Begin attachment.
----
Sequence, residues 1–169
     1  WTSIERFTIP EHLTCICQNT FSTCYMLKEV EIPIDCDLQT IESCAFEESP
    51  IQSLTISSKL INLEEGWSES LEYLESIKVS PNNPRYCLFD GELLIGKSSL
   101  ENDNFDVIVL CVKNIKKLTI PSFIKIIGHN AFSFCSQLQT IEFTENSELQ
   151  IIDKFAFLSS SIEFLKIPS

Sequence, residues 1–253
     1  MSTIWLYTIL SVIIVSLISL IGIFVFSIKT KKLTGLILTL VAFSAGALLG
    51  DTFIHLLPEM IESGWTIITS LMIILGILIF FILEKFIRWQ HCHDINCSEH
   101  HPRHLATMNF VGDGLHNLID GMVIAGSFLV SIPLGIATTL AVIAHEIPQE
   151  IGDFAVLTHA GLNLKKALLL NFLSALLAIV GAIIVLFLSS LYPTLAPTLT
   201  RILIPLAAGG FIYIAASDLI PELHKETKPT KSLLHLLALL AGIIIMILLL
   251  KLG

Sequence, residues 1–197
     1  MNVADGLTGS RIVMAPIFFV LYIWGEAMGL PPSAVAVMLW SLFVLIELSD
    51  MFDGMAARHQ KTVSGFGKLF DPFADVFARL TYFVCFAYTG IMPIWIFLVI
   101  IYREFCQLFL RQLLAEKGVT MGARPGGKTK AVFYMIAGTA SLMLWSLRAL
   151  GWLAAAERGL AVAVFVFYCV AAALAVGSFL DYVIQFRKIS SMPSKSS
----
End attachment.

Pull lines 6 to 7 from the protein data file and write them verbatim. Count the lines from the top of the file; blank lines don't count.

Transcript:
Sequence, residues 1–253
     1  MSTIWLYTIL SVIIVSLISL IGIFVFSIKT KKLTGLILTL VAFSAGALLG